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China seeks to stabilize yuan amid depreciation

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BEIJING, Feb. 4 (Xinhua) -- China's central bank seems to have moved to stabilize the yuan despite mounting market sentiment that the currency has been toward the upper limit of its daily trading band for the past week.

The reference rate the People's Bank of China (PBoC) announces on the morning of each trading day to guide onshore trade of renminbi has risen 66 basis points since last Monday, while spot trading has been testing the limit to which the yuan is allowed to weaken daily.

Renminbi traded in the onshore market is allowed to rise and fall by 2 percent against the central parity rate each day. The spot trade's divergence from the official guidance suggests growing market pressure to see the yuan weaken to the greenback.

But economists have interpreted the reference rate's resilience as a move to prevent the yuan from a sharp decline that would exacerbate capital outflow and undercut financial stability.

The official gauge of China's manufacturing activity in January came in below the threshold separating expansion from contraction for the first time in more than two years, adding to concerns that the world's second-largest economy is losing momentum.

"The midpoint rate speaks very clearly to the central bank's stance -- a sharp fall in the yuan will not be tolerated," said Liu Dongliang, a Shanghai-based analyst with China Merchant Bank Co.

The U.S. dollar has undergone a sustained rally since late last year as the market is watching closely over whether February is going to see raised interest rates after the exit from quantitative easing in November.

Though China has removed the yuan's peg against the dollar since 2005 to consider its movement against a basket of currencies, economists say the Chinese currency's exchange rate with the dollar will not fluctuate markedly.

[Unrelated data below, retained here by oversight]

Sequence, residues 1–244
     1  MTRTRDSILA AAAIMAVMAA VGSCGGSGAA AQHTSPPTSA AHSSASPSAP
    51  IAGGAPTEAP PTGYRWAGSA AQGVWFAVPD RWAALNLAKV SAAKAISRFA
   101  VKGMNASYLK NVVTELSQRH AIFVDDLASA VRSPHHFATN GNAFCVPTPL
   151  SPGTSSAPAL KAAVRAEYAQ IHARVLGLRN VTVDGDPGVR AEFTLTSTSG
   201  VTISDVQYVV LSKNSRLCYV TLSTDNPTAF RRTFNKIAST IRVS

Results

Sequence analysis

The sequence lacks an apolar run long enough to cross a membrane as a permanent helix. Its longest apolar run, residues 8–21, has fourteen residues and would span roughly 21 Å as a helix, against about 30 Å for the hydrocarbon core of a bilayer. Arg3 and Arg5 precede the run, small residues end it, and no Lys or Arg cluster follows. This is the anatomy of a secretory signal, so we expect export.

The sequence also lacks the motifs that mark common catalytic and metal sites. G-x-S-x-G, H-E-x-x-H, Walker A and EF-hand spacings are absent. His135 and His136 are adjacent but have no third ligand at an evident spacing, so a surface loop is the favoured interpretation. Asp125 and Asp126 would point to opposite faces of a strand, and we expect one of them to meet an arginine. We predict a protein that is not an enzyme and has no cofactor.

But pressure for the yuan to weaken is mounting, as more central banks around the world kicked off their own monetary easing programs.

Yet the yuan's reference rate has hardly budged. "The central bank is using the reference rate to stabilize the yuan," said Xu Gao, chief economist of China Everbright Securities Co., Ltd. "If such guidance is not in place, a sharply weakened yuan will accelerate capital outflow and complicate policy response."

"Some in the market have become too fixated over China's headline growth, and see a slowdown in growth rate as legitimate concern to justify the yuan's weakness," said Zhao Qingming, chief economist with the China Financial Futures Exchange.

China's economy expanded 7.4 percent last year, its lowest level in 24 years, but still managed to meet the 10 million job creation target set for the whole year as consumption contributes more to economic growth.

Proponents of the yuan's depreciation argue that a weaker yuan will add to the competitiveness of China's exports, but economists say that its impact is likely to be very limited.

"Large yuan depreciation will help exports, but in reality it will be difficult to implement given that China's trade surplus reached new historical highs in the second half last year, and the current account surplus widened. It may also lead to competitive devaluation from other countries, which will compromise the initial purpose of currency depreciation." said J.P. Morgan China Chief Economist Zhu Haibin in a research note.

Though the spread between the reference rate and spot trading has repeatedly widened to the daily limit of 2 percent, analysts say a further widening of the yuan's trading band is also unlikely in the near term.

"If the central bank does so, the market will misinterpret it as allowing the yuan to weaken further," according to China Merchant Bank's Liu.

China widened the yuan's trading band to 2 percent on either side of the reference rate in March, a move that snapped the yuan's rising trend against the dollar and changed the perception that the currency is a one-way bet.

"Given the scale of China's economy and its trading volume, the yuan's fluctuation shouldn't be too dramatic and the existing trading band is already wide enough," said Zhao of the China Financial Futures Exchange.

It is the reference rate, Zhao said, that authorities should work on going forward to bring more transparency and better reflect the market's opinion on the currency.

China has been promoting the yuan's global use and a stable yuan would gain more acceptance in global trade.

"After all, you don't want to use a currency that goes up and down too hard," as Zhao said.

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